Feeding the hungry in Kamsack turns into a snowball of kindness

Earlier this year, the Kamsack Times ran a story about a grandmother who was feeding the hungry from her own kitchen in downtown Kamsack.

In the weeks following publication of the story, the volunteer grandmother, Leona Dubois, and the friends who joined her in the service, began to receive phone calls and donations from people who wanted to support the initiative.

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“I was blown away,” shared Dubois. “At first, it was a phone call from a gentleman in Yorkton. He said the article was the nicest thing he has read in a long time and wants to bring his wife for a drive to meet us and give a donation!”

But the support didn’t stop there.

“Immediately after the story ran in the paper, we were blessed with several large donations of supplies, cash and canned goods. I am going to have to move out of my home soon just to make room for supplies!” exclaimed Dubois.

Susan Michl of Canora is another volunteer who strives to serve at least one of the two days of the weekly food sharing, on top of her duties as a mother and foster parent.

“Shortly after the story came out, I also started receiving phone calls from people who wanted to make donations,” reported Michl. “I asked how they knew where to find me – and their answer was: the phone book! So, local residents read the story, made the effort to look up my name, and called me to offer support. One woman said she could donate some carrots, and another offered scarves. I was a bit surprised to receive the calls at first, but it’s actually very moving.”

A Facebook group called Feeding the People that was launched by Dubois, has also gleaned a number of comments expressing encouragement and support for the work the women are doing.

“We have received kind and supportive sentiments from many locals, but what was remarkable was seeing that followers were coming from as far as New Zealand and England,” explained Dubois.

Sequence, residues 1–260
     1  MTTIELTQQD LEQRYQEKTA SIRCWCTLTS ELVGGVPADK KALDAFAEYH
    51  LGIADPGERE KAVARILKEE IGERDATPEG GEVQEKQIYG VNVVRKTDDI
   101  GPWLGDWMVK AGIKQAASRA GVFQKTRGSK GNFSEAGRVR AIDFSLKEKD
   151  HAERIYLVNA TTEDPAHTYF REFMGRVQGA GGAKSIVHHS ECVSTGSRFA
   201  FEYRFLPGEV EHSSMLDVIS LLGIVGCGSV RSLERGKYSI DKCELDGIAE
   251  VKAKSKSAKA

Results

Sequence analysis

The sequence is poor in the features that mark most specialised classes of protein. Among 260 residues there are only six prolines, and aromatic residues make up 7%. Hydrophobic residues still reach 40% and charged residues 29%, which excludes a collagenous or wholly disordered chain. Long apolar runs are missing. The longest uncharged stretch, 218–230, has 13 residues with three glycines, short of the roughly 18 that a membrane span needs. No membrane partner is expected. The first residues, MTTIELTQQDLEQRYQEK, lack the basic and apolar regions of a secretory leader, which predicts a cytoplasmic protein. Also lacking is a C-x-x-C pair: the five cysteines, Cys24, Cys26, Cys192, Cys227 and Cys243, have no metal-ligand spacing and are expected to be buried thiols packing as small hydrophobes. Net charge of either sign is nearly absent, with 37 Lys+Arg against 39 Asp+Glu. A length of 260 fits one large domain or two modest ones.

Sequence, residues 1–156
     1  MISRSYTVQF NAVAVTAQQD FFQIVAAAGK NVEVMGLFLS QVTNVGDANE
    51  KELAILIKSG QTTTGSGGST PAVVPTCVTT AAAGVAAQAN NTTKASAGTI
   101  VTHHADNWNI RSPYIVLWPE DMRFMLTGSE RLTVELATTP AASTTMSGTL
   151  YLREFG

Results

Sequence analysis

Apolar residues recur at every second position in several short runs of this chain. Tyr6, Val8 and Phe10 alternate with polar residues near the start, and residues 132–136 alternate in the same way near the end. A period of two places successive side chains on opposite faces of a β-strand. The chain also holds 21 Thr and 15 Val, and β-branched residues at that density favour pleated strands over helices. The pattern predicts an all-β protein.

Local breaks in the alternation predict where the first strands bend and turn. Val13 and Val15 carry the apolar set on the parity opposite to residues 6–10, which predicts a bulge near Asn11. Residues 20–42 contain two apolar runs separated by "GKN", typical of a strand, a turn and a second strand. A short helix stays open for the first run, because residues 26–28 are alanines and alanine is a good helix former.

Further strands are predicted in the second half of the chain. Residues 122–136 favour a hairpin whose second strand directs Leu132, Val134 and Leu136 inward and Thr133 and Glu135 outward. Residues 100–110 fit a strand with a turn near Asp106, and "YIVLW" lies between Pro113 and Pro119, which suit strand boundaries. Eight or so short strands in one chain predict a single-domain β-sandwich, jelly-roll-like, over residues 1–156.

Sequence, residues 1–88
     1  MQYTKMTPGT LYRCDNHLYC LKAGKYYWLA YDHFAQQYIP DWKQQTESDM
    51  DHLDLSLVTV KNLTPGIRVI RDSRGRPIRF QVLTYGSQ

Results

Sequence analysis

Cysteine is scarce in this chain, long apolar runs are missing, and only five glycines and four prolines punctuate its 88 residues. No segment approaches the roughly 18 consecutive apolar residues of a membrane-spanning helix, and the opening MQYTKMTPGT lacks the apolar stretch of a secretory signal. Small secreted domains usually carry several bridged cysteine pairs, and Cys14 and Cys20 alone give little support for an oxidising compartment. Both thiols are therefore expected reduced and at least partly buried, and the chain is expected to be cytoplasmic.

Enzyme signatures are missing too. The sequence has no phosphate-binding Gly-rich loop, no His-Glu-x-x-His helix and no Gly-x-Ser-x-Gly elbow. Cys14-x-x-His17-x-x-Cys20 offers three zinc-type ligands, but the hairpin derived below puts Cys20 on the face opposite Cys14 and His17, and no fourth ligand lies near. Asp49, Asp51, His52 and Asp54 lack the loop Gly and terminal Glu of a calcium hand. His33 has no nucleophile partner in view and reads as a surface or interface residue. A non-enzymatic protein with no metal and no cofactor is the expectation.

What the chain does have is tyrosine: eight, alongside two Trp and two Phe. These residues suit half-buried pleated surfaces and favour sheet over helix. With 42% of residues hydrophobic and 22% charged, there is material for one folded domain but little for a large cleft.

“A cash donation came in from one gentleman who is currently fighting cancer and is hospitalized in Regina,” said Dubois. “Another donation came from some folks in Moose Jaw. One local lady made scarves every week until she ran out of material and now has offered to make cookies. Also, there is a local gentleman who makes buns for us on his days off from work.”

And the list goes on.

Dubois continued, “This past Monday, I heard a knock at the door. I opened it to see a local florist holding a bouquet of flowers sent by Leson’s Funeral Home of Canora. Along with the beautiful flowers, the funeral home has offered to sponsor the costs of an entire hot meal service once a month.”

Dubois continued, “Most recently, I made two huge pots of borscht. I thought it might be way too much, but I took both pots downtown anyway. We ended up running out – serving hot meals to 65 people!”

The recent cold snap didn’t stop the ladies from showing up with hot food and fresh baked goods, but Dubois defined it as challenging. From the beginning, Dubois has had the help from her long-time friend, Mary Hare.

“When temperatures dropped really low, it was getting to be a bit much for Mary and I. On those days, we simply decided to sit inside the truck and pass food out the window.”

Dubois says there are so many donations coming in these days that she doesn’t have to purchase much herself. The Keesekoose First Nation and Cote First Nation have both donated food and supplies. A recent meal included roast beef sandwiches. Not only was the roast beef donated, but the artisan bread, made in a wood fire oven, was donated from a bakery making deliveries in the region.

While the women are happy to feed anyone who comes by, they are also willing to offer friendship and prayers.

“Feeding the body is one thing,” explained Dubois. “But all of our efforts are really about feeding the soul. The Word of God is the bread of life. Some people we meet on the street have asked us for prayers – and Susan is especially good at praying with them while Mary and I keep busy with the food service. We did receive a donation of Bibles that we always bring with us, but we don’t just hand them out to everyone like we do with food. If someone shows real interest in taking one, we are happy to gift them with one.”

Dubois says the generosity she observes in Kamsack is heartwarming.

“When I first moved here, Kamsack didn’t make a great impression on me. Our home was broken into multiple times and items were stolen from our house, our yard, and our basement. Meat was taken from our freezer and I even had hot pies cooling outside that were stolen. It was disheartening,” admitted Dubois.

“However, these days I feel a real change in the spirit around Kamsack. One man stopped to chat on the street, and after some encouragement, he agreed to take some soup. When I handed him the single cup of soup, he handed me $25. It has been nothing short of amazing,” concluded Dubois.